According to the IUCN, this species is currently classified as "Near Threatened" and is believed to have a stable population of roughly 1,000 individuals. Due to its small global range and small population this species may be uplisted to "Vulnerable" if population numbers were found to be declining. Population trends are poorly known and more research is needed to determine the effects of many potential threats on this species' population. These threats include pesticide spraying, habitat loss, parasitism by shiny cowbirds (Molothrus bonariensis) and harassment by spectacled thrushes (Turdus nudigenis) (Birdlife International, 2010). Shiny cowbirds may pose the most interesting threat out of those listed. As obligate brood parasites, shiny cowbirds lay their eggs into the nests of other birds and assume no parental care of chicks. The host species will then feed and shelter the shiny cowbird hatchling as if it were its own offspring. Brood parasites often have adaptations such as shorter incubation periods, ability to remove host eggs, or faster nesting growth, which allow them to outcompete host chicks for resources. Shiny cowbirds have a broad host specificity and threaten other tropical oriole species such as the Bahama oriole (Icterus northropi) and Montserrat oriole (Icterus oberi). Since 1900, the range of shiny cowbirds has expanded from Venezuela up to most of the West Indies and southern Florida. Its increase in range and population size is associated with both human expansion of agricultural lands and clearing of tropical forests. Shiny cowbirds are considered a "pest" in St. Lucia and approximately 3/4 of oriole broods are either partially or entirely made up of shiny cowbirds. The effects of heavy cowbird parasitism on St. Lucia populations cannot be elucidated without further research (H. temple in litt. 2005; IUCN, 2012; Lowther, 2011). ("Icterus laudabilis", 2012; "St Lucia Oriole Icterus laudabilis", 2016; Bond, 1993; Jaramillo and Burke, 1999)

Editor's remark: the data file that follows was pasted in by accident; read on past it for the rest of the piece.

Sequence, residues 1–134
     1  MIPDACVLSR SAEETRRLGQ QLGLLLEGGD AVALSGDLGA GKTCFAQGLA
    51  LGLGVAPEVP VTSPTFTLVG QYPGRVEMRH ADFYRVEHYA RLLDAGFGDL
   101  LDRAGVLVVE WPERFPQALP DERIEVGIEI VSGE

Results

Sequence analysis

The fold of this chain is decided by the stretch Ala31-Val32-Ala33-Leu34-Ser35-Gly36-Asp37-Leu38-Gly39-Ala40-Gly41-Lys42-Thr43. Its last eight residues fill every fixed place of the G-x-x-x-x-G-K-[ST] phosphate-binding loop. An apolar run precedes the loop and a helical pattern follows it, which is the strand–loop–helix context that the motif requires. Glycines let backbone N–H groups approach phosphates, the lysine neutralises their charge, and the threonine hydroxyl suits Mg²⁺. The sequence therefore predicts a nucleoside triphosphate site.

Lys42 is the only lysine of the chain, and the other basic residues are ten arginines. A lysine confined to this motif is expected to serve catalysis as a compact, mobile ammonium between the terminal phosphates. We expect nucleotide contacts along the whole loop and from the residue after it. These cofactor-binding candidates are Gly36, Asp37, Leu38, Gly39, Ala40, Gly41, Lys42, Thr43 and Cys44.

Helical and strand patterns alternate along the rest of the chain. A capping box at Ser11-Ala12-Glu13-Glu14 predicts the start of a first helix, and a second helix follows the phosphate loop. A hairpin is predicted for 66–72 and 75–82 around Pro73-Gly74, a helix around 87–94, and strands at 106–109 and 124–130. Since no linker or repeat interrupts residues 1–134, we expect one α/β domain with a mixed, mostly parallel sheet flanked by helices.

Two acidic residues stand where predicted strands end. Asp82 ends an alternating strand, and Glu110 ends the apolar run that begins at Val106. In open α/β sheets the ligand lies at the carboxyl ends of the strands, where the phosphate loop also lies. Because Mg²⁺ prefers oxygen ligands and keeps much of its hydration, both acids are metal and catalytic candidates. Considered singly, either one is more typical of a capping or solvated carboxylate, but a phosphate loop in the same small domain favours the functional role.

Research performed by the Omland lab at University of Maryland Baltimore County placed St. Lucia orioles within oriole "clade A." While the exact relationships are not definitively known, St. Lucia orioles are most closely related to other Caribbean and Southern American oriole species. The placement of two South American oriole species, (Icterus cayaneusis and Icterus dominicensis) and within clade A provides strong evidence their ancestors originated from the Caribbean, in a case of island to mainland colonization (Omland et al, 1999; Sturge et al., 2009).